Although the British National Championships have been over for a month, the sights and sounds of the event are worth revisiting, although you can find a brief recap in our European roundup as well. The video above was released by Tez Sheals on Vimeo, which offers a look at the winners as well as the course design as racers took to the mud. Matt Payne, famed British Cyclocross Announcer, captured the sights and sounds of the weekend in his report below.
by Matt Payne: follow him @mattfixerpayne or contact him through his website www.matt-payne.co.uk
The nervous coughs and awkward conversations are drawn to an abrupt halt as the stern authoritarian figure in the long blue coat strides across in front of the assembled ranks. Like an officer before battle, he addresses the combatants as they steadily remove the outer layers keeping them warm and hand them to their admirers to keep safe, ready for a return when they will be spent from their exertions.
Silence descends as all the support staff withdraw from the ranks, leaving the greyhound like bodies paused still in a moment of contemplative silence, hoping that the whole of the year, the long hours training, the bruising skills sessions, the self discipline and mind numbing icy days on the turbo has brought them to what they hope is the peak of that season’s condition.
For a select few today will end with medals, but for the majority it will be a drive home with nothing more than mud, memories and a machine busting amount of washing to show for all the hard work. The anticipation is palpable until the single gunshot breaks the cold morning air, like a pack of hounds scenting prey those at the front explode into action, further back the echoes are returning from the surrounding hills before the waiting competitors get the chance to try and stay with the fast disappearing multicolor mass exodus.
It is a scene happening almost simultaneously around the northern hemisphere, the best cross riders in a country are drawn to one venue for a weekends racing to decide the destination of the bronze, silver and gold National Champions medals as well as the coveted National Champions jersey. This time the color of the jersey is white with red, white and blue hoops around the midriff, the frites are chips, the beer is bitter but at the British Cycling National Championships the mud, planks, off camber and fast flowing racing is as fierce as we have come to expect at elite level all across the various age and gender categories around the globe.
With a long history of promoting National Cyclocross Championships & National Cyclocross Series races, 2015 sees a return to the South Wales market town of Abergavenny. Nestled in amongst the saddle-back hills not far from the training grounds of the British Special Forces this busy hotbed of cycling has in recent years played host to the Tour of Britain and the National Road and Time Trial Championships as well as a multitude of sportives and recreational rides, most of which ascend the flanks and passes that rise from the riversides where most people live out onto the wild moorland tops but this weekend it is the local sports centre on the lower slopes of one of these hills that the course designers have as their canvas to sketch out a course fit to create champions.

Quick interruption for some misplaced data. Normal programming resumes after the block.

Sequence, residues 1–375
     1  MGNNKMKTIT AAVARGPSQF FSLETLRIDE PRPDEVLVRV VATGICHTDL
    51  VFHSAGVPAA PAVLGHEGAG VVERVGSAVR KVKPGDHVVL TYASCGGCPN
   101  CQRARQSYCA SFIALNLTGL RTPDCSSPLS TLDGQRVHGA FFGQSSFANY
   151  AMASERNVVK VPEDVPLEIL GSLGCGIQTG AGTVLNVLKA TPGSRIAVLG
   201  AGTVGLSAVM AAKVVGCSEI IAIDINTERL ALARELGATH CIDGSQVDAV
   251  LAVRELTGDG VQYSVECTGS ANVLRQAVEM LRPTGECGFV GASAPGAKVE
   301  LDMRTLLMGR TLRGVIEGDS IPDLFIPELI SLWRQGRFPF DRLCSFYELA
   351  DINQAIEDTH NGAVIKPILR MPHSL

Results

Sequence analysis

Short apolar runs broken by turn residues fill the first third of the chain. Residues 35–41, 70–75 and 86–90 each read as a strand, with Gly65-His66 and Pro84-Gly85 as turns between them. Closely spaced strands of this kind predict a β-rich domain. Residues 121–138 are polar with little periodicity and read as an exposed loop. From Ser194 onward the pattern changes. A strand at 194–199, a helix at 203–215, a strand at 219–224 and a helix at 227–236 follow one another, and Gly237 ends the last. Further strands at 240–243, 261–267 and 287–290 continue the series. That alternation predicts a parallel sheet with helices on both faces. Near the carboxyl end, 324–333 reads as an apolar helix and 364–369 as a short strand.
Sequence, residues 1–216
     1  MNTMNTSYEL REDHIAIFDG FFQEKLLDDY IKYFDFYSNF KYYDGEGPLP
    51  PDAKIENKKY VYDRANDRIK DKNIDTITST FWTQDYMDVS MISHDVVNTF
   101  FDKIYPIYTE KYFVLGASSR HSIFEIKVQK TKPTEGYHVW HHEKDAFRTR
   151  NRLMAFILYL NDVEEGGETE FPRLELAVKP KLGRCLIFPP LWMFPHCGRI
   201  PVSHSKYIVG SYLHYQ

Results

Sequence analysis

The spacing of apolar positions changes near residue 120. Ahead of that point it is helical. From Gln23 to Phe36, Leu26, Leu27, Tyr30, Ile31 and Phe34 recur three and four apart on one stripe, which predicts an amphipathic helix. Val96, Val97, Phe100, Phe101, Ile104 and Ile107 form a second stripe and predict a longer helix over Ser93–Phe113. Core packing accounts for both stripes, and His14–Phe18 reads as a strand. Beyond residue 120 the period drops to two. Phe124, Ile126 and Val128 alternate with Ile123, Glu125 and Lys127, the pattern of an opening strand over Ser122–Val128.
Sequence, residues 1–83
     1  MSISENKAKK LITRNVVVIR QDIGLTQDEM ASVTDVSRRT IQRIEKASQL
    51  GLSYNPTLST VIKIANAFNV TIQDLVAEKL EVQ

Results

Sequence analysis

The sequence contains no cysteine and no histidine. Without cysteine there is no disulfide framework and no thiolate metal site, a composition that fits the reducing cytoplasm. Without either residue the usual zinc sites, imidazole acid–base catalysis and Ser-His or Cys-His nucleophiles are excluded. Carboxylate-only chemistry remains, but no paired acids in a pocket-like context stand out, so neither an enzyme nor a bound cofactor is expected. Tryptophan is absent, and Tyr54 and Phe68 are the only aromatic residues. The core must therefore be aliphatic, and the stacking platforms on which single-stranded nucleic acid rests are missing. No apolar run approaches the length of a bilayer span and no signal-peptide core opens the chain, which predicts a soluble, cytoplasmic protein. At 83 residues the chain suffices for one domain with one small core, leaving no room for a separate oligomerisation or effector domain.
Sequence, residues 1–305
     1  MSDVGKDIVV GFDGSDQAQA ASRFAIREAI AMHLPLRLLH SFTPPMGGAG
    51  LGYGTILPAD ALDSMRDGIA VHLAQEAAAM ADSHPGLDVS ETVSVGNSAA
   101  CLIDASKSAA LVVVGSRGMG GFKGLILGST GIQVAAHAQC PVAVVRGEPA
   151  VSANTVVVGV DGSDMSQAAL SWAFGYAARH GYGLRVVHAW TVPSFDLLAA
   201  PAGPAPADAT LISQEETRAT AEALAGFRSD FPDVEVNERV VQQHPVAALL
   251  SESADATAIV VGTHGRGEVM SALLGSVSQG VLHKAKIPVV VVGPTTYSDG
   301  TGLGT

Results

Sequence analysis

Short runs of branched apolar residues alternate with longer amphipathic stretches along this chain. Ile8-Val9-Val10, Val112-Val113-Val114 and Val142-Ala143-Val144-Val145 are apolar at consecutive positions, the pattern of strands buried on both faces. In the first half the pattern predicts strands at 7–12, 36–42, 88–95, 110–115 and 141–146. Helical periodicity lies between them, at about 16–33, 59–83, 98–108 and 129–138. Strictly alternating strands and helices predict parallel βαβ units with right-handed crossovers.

A fast gradually rising road start soon leads the riders into the snug contortions in the woodland before the first passage through the pits to exit and climb back into the woods once again. The dappled shade of the trees is left behind as the riders emerge onto the grassed banks above the event arena for a series of switchbacks and off camber turns that eventually return the riders to the pits once again. Funnelled from the pit area and spat onto the blacktop finish straight, riders have a slight tailwind respite before diving off, on and off the steep side banking, through the muddiest section of the double taped course before the double full height hurdles or “planks” as they are known in the UK are traversed then it is out onto the claggy windy circumnavigation of the lower fields which bring riders back into the pits just after the start straight.
A testing course designed to not only test the top Elite Men and Women but also to provide safe racing for the increasing sizes of fields with a similarly increasing spread of technical abilities and fitness, the grass and sub soil will be under as much pressure as the organizers with 650 riders, 81 medals, 31 titles, 12 jerseys, 9 races, 2 days and 1 major storm to cope with.
The storm hit first on Friday with the set-up being punctuated with the sounds of ripping marquee covers and twisting tent frames as the wind gusted with increasing ferocity. Onwards the club members and officials battled until long after dark, as much as possible was done and much left to do in the early hours of the morning but no one really knew just what damage would be wrought by the weather while the crew grabbed a few hours sleep. Incessant rain showers and gale force winds ripped through Abergavenny overnight before the skies cleared, the temperatures dropped below freezing and the wind abated somewhat.